So far, we have watched seven episodes of the thirteen episodes in season one, and I was excited to see that a season two is planned as well! A CW show, episodes 9 through 13 are currently available at the CW website. The entire first season is available on Netflix, and it is also available on Amazon for $1.99 an episode or $14.99 for the first season. Season 2 is planned to run on the CW sometime in 2020 - no release date has been announced yet. We are really enjoying season 1 and can't wait for more.

In this brief trailer, you get a good idea of Murphy's prickly personality (to put it mildly!), her special friendship with Tyson, and both the suspense and the humor of the show.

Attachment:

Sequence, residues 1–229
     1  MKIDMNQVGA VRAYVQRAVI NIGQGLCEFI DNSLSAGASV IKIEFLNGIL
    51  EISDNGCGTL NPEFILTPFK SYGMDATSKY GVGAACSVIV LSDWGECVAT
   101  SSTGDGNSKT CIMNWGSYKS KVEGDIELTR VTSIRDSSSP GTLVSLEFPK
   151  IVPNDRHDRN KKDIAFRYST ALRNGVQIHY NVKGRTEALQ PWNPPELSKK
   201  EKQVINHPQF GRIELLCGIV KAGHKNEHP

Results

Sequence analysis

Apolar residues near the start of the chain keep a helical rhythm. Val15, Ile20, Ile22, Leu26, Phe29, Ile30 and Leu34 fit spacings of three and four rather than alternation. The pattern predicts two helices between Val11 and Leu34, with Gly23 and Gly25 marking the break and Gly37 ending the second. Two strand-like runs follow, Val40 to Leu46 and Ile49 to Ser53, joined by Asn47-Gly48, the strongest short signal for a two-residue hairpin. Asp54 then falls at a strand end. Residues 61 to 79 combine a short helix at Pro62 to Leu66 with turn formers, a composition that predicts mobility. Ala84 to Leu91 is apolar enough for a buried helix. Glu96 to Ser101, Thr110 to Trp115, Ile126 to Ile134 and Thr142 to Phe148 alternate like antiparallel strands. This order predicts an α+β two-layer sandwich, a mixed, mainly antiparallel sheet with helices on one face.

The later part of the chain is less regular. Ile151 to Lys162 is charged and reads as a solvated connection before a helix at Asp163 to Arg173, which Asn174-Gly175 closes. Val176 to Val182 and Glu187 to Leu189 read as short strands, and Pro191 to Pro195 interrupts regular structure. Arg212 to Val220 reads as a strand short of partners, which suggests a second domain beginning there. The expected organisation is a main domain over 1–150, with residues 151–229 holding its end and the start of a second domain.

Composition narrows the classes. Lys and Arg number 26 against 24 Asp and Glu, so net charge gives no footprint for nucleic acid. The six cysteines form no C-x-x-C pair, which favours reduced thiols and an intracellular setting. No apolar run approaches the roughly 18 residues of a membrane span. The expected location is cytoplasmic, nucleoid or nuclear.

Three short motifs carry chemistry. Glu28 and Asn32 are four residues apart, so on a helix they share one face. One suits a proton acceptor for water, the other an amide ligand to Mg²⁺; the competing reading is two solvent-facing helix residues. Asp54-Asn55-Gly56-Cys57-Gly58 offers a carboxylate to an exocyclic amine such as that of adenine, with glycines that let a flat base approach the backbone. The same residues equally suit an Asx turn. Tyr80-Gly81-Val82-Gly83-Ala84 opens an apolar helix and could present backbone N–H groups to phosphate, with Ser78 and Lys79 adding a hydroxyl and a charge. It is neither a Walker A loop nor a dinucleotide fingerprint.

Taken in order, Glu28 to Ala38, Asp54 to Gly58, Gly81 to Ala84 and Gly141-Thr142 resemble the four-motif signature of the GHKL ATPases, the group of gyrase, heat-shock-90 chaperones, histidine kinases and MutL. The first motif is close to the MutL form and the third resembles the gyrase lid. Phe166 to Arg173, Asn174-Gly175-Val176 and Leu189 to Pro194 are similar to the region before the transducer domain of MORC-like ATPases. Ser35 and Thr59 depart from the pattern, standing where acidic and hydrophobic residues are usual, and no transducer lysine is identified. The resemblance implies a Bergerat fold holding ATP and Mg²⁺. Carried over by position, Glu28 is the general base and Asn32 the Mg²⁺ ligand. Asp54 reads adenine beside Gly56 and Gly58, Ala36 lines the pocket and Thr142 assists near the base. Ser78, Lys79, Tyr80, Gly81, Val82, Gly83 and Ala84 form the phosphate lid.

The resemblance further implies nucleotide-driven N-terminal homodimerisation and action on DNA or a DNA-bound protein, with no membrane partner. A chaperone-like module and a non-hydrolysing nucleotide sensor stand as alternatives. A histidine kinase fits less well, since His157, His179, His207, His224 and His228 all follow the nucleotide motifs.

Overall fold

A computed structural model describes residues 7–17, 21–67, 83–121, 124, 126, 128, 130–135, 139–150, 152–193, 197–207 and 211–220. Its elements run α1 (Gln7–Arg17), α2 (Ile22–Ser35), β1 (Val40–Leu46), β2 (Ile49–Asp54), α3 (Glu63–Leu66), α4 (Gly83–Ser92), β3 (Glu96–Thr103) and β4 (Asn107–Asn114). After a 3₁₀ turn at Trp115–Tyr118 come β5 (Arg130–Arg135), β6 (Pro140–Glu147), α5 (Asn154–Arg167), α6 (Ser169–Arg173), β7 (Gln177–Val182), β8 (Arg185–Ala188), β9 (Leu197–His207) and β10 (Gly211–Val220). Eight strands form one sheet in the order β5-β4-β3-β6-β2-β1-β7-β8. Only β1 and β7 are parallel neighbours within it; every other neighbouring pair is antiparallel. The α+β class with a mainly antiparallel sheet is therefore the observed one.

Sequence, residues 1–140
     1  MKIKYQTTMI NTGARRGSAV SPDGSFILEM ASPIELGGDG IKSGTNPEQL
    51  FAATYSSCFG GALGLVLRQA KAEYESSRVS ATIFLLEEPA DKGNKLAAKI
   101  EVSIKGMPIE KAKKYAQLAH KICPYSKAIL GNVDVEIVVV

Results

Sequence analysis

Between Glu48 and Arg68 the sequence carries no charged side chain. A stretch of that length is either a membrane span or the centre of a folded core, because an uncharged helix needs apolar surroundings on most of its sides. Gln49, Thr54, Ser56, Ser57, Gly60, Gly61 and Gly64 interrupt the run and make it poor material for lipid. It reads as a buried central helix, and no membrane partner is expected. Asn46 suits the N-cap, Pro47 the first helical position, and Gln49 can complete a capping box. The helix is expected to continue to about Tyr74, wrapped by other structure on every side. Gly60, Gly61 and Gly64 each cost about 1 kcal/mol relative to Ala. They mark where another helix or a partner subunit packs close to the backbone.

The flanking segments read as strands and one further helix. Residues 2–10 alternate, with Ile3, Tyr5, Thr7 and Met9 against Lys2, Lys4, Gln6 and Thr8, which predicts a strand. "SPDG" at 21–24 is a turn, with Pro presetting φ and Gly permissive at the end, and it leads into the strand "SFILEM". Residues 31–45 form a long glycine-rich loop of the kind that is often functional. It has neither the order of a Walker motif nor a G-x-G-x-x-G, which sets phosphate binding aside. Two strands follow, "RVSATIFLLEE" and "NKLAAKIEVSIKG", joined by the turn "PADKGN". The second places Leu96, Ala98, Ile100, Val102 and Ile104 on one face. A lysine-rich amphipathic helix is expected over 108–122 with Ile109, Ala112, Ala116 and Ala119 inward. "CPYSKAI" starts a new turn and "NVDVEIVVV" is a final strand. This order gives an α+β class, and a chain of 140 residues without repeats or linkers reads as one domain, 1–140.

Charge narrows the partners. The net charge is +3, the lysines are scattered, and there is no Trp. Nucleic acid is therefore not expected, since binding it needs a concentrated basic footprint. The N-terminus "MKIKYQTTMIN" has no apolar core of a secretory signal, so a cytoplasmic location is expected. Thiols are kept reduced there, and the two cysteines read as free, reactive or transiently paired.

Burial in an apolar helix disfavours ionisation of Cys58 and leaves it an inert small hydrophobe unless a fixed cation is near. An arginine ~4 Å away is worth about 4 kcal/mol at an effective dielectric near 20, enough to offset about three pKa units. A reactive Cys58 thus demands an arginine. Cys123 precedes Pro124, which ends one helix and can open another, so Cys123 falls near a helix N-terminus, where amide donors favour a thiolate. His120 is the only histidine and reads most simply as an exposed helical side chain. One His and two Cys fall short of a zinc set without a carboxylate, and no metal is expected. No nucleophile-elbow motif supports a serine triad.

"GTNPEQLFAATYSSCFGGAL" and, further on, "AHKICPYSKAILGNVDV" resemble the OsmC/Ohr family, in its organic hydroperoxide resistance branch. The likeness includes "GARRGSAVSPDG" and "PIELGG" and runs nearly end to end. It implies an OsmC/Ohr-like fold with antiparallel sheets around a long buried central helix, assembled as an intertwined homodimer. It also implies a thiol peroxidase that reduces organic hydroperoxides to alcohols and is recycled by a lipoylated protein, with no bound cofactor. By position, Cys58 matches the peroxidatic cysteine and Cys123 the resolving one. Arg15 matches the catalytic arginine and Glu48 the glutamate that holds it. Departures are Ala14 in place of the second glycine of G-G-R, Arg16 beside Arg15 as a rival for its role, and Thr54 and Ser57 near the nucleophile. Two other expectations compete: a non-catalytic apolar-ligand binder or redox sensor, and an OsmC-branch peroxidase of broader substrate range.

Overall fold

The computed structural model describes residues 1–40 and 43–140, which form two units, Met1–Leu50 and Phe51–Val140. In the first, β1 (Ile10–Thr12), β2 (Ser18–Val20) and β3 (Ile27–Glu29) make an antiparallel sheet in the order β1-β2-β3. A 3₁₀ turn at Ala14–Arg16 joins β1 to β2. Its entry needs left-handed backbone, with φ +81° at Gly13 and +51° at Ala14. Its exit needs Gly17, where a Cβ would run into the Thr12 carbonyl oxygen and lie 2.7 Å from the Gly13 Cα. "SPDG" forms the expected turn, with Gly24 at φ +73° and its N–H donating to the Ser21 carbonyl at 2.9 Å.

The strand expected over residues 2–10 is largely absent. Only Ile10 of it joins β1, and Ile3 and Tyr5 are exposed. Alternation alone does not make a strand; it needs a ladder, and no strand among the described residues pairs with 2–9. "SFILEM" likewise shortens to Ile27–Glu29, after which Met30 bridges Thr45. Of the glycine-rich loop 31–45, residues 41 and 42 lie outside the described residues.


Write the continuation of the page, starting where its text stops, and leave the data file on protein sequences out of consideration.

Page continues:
Tuesday, August 20, 2019

TV Tuesday: The Widow

Adrift without any of our favorite On Demand shows on network or cable this summer, my husband and I have been trying out some new shows on streaming (we have Netflix and Amazon Prime). I recently wrote here about Hanna, which we both loved, so we decided to try another new show on Amazon, The Widow, a fast-paced thriller that we both enjoyed.